Having comorbidities 1.27 (0.43, 3.67) 0.658 Having comorbidities 0.34 (0.06, 1.73) 0.197
COVID-19 history 0.75 (0.47, 1.22) 0.257 COVID-19 history 0.74 (0.27, 1.98) 0.552
COVID-19 module 1.09 (0.69, 1.73) 0.699 COVID-19 module 0.60 (0.22, 1.64) 0.326

HELMA, Health Literacy Measure for Adolescents; OR, odds ratio; CI, confidence interval; COVID-19, coronavirus disease 2019; N/A, not available.

  • 1. World Health Organization Indonesia. Coronavirus disease 2019 (COVID-19) situation report – 65. 2021 Jul 28 [cited 2022 Jan 2]. Available from: https://cdn.who.int/media/docs/default-source/searo/indonesia/covid19/external-situation-report-65_28-july-2021-final.pdf?sfvrsn=a7697f51_5
  • 2. Satuan Tugas Penanganan COVID-19. Indonesia fights back the covid-19 second wave. 2021 Jul 1 [cited 2022 Jan 2]. Available from: https://covid19.go.id/p/berita/indonesia-fights-backcovid-19-second-wave
  • 3. Pan American Health Organization. Understanding the infodemic and misinformation in the fight against COVID-19. 2020 [cited 2022 Jan 2]. Available from: https://iris.paho.org/bitstream/handle/10665.2/52052/Factsheet-infodemic_eng.pdf
  • 4. Satuan Tugas Penanganan COVID-19. Monitoring of adherence to health protocol in Indonesia. 2021 Apr 8 [cited 2022 Jan 2]. Available from: https://covid19.go.id/p/berita/monitoring-kepatuhan-protokol-kesehatan-tingkat-nasional-update-04-april-2021 (Indonesian)
  • 5. Paakkari L, Okan O. COVID-19: health literacy is an underestimated problem. Lancet Public Health 2020;5(5):e249-e250ArticlePubMedPMC
  • 6. Sørensen K, Van den Broucke S, Fullam J, Doyle G, Pelikan J, Slonska Z, et al. Health literacy and public health: a systematic review and integration of definitions and models. BMC Public Health 2012;12: 80PubMedPMC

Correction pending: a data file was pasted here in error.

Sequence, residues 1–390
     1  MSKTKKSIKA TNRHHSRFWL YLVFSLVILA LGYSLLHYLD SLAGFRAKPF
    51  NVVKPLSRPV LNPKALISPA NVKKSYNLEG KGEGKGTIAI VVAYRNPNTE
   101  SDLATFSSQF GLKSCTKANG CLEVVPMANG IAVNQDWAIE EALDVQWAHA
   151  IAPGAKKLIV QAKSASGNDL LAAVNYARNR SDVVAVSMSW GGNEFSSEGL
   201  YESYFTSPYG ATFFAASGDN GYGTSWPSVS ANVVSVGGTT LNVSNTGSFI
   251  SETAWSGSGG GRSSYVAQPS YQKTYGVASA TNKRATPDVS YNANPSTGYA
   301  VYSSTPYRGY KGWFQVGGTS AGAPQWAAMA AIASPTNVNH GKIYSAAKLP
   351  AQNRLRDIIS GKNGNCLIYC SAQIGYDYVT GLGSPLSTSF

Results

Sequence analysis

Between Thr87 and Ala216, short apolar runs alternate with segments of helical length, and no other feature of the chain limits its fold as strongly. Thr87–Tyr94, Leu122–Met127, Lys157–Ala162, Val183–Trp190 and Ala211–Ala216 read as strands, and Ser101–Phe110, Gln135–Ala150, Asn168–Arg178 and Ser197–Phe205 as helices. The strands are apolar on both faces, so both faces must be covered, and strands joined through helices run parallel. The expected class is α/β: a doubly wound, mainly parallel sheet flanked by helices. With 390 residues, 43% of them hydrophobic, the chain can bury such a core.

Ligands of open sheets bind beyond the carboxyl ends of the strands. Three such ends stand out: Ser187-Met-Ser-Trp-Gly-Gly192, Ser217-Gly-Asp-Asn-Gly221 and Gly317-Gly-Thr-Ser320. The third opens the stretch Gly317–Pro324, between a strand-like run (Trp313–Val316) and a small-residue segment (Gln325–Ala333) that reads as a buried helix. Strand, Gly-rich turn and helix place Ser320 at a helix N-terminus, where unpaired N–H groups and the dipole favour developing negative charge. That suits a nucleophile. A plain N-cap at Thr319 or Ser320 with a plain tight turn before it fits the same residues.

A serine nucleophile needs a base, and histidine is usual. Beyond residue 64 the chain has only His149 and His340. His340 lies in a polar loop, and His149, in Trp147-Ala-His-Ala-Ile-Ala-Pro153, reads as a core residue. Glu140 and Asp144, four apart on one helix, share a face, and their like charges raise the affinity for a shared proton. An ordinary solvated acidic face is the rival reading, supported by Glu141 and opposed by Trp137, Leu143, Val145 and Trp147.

• 7. Liu C, Wang D, Liu C, Jiang J, Wang X, Chen H, et al. What is the meaning of health literacy? A systematic review and qualitative synthesis. Fam Med Community Health 2020;8(2):e000351ArticlePubMedPMC
  • 8. Chima CC, Abdelaziz A, Asuzu C, Beech BM. Impact of health literacy on medication engagement among adults with diabetes in the United States: a systematic review. Diabetes Educ 2020;46(4):335-349ArticlePubMedPDF
  • 9. World Health Organization. An ad hoc WHO technical consultation managing the COVID-19 infodemic: call for action. 2020 Sep 15 [cited 2022 Jan 2]. Available from: https://www.who.int/publications/i/item/9789240010314
  • 10. Nutbeam D. Health literacy as a public health goal: a challenge for contemporary health education and communication strategies into the 21st century. Health Promot Int 2000;15(3):259-267Article
  • 11. Halpern-Felsher B, Baker M, Stitzel S. Decision-making in adolescents and young adults. In: Diefenbach M, Miller-Halegoua S, Bowen D, editors. Handbook of health decision science. New York: Springer; 2016. p. 7-12
  • 12. Visscher BB, Steunenberg B, Heijmans M, Hofstede JM, Devillé W, van der Heide I, et al. Evidence on the effectiveness of health literacy interventions in the EU: a systematic review. BMC Public Health 2018;18(1):1414ArticlePubMedPMCPDF
  • 13. Sansom-Daly UM, Lin M, Robertson EG, Wakefield CE, McGill BC, Girgis A, et al. Health literacy in adolescents and young adults: an updated review. J Adolesc Young Adult Oncol 2016;5(2):106-118ArticlePubMed
  • 14. Riiser K, Helseth S, Haraldstad K, Torbjørnsen A, Richardsen KR. Adolescents’ health literacy, health protective measures, and health-related quality of life during the Covid-19 pandemic. PLoS One 2020;15(8):e0238161ArticlePubMedPMC